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The New Zealand dollar slid to a two-week low against the yen as investors shied away from so-called riskier currencies in favour of safe havens.
The kiwi touched 87.43 yen early this morning, its lowest level since April 29, and was trading at 87.73 yen at 8am in Wellington, from 88.43 yen at 5pm yesterday. The local currency weakened to 86.38 US cents from 86.84 cents yesterday.
The Japanese currency strengthened after reports showed lower-than-expected first quarter gross domestic product in Europe, a softer US housing market, an unexpected decline in US industrial production in April, while tensions between the Ukraine and Russia continued. Adding to demand for the yen, the nation's first quarter economic growth exceeded forecasts.
"In times of risk aversion, the New Zealand dollar weakens and the Japanese yen strengthens," ANZ Bank New Zealand senior economist Mark Smith and senior foreign exchange strategist Sam Tuck said in a note. "This cross is showing signs of risk aversion."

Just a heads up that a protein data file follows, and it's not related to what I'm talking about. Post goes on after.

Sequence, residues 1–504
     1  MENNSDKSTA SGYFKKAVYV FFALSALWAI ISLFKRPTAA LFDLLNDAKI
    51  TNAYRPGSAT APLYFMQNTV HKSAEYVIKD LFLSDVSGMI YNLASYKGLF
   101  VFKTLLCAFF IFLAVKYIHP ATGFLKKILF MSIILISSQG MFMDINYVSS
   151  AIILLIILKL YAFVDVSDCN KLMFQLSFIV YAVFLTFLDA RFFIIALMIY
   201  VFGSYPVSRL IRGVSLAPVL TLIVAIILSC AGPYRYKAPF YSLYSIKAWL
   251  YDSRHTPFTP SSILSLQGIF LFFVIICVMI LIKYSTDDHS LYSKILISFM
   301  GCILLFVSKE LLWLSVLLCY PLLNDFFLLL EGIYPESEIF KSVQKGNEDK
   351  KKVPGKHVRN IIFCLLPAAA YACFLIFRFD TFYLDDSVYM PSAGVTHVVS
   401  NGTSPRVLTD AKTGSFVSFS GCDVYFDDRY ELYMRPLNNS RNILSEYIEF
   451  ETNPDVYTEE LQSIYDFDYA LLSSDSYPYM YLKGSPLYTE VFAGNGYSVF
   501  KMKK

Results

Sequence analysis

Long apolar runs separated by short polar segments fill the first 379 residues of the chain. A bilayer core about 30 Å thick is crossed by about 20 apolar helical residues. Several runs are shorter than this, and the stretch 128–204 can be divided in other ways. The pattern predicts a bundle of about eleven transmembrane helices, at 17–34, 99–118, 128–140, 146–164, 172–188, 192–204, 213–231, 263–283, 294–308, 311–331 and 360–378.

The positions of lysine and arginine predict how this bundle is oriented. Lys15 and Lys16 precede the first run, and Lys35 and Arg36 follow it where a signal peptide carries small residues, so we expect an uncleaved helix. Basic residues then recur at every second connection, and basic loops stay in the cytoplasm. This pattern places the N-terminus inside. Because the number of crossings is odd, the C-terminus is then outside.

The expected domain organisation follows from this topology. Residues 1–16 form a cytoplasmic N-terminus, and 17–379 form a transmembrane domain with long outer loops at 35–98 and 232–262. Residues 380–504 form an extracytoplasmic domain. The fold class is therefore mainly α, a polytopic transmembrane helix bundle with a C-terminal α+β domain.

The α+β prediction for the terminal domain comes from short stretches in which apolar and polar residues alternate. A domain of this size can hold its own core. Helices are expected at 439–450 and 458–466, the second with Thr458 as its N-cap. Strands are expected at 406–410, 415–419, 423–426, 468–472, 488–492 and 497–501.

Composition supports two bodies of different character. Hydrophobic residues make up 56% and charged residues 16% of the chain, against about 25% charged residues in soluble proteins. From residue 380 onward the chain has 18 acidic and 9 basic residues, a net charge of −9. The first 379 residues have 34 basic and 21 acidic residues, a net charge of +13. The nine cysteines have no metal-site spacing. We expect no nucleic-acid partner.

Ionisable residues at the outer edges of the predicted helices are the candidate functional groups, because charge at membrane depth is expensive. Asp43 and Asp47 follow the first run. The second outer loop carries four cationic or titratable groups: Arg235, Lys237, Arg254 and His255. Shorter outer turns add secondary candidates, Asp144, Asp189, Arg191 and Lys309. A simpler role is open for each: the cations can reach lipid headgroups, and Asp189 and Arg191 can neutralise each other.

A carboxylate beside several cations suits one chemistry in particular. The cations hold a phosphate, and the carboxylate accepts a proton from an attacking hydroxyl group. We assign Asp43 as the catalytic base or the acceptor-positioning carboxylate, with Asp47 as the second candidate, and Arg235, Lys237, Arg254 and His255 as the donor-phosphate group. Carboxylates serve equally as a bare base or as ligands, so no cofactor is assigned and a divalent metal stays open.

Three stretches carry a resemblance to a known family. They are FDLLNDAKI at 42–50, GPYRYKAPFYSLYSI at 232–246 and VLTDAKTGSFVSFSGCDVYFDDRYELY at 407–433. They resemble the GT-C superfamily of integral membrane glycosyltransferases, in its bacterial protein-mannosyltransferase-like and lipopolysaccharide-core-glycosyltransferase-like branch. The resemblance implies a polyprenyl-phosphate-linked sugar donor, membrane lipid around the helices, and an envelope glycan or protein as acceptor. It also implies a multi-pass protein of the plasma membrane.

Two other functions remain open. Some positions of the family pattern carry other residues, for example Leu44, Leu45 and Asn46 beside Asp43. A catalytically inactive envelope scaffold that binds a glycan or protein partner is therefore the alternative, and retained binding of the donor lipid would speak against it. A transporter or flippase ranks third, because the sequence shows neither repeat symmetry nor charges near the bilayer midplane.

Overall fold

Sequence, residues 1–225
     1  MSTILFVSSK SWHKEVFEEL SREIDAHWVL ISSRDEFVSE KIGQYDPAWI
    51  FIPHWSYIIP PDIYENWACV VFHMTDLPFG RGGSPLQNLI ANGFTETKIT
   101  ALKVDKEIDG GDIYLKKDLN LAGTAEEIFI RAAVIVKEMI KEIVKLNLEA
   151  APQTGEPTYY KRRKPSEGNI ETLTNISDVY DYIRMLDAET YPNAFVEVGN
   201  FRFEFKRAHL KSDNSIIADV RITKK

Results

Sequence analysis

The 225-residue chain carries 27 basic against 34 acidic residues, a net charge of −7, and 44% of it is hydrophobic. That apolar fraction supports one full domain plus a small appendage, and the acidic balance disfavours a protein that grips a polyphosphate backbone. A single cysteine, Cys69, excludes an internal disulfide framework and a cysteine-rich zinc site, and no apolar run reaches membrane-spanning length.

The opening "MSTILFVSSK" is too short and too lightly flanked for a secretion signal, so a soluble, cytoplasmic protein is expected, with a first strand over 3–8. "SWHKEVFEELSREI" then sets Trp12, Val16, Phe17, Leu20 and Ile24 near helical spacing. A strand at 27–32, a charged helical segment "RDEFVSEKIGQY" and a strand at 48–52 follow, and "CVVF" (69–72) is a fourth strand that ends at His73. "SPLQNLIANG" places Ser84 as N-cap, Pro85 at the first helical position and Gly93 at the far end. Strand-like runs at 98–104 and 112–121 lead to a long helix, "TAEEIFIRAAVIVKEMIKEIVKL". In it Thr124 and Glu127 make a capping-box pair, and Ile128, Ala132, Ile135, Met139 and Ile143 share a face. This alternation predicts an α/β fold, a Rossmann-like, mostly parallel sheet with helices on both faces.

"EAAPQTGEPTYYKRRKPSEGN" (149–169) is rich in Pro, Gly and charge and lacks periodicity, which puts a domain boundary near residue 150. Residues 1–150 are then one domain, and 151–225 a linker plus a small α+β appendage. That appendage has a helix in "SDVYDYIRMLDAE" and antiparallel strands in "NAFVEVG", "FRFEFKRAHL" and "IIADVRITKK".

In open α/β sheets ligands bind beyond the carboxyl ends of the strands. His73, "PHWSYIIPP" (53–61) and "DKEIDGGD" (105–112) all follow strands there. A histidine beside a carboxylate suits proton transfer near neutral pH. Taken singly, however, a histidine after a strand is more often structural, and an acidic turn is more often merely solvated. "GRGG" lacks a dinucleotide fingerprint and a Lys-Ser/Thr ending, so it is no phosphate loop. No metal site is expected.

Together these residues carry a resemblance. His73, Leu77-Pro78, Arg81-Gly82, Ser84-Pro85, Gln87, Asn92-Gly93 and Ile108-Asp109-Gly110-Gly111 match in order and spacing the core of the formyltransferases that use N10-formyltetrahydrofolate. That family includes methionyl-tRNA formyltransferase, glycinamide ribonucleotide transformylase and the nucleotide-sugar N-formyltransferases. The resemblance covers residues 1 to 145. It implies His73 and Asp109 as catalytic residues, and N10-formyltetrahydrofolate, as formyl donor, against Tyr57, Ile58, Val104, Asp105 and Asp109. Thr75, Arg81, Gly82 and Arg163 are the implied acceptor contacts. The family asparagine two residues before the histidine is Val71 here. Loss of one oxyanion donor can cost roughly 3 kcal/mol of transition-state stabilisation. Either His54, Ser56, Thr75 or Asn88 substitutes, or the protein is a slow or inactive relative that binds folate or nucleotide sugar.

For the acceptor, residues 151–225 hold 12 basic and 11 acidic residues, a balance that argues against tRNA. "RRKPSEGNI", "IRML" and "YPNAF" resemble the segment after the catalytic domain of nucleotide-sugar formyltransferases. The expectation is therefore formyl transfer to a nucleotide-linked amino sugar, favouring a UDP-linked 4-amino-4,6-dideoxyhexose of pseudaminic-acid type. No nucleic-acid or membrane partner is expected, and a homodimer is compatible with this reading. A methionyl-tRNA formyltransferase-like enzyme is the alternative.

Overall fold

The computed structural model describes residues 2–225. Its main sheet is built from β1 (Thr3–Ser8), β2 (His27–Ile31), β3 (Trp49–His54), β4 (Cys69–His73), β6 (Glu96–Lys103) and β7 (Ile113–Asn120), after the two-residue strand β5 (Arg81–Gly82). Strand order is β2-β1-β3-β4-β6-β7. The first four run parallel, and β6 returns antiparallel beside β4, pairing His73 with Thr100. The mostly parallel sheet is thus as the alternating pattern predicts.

The kiwi will probably trade between 87.25 yen and 88.25 yen today, ANZ said.
Today, Prime Minister John Key, Finance Minister Bill English and Economic Development Minister Steven Joyce are speaking to business audiences following the announcement of the 2014 budget yesterday, where the government signalled bigger fiscal surpluses in an economy seen to be growing faster than previously thought.
Traders will also be eyeing US Federal Reserve Chair Janet Yellen's speech to the US Chamber of Commerce, scheduled shortly after 10am New Zealand time today.
The New Zealand dollar weakened to 62.99 euro cents from 63.32 cents yesterday. Euro-area GDP rose 0.2 percent in the first quarter, half as much as economists had forecast, increasing speculation the European Central Bank will add more stimulus at its meeting next month.
The kiwi slipped to 51.43 British pence from 51.77 pence yesterday, and dropped to 92.29 Australian cents from 92.61 cents. The trade-weighted index fell to 80.32 from 80.72 yesterday.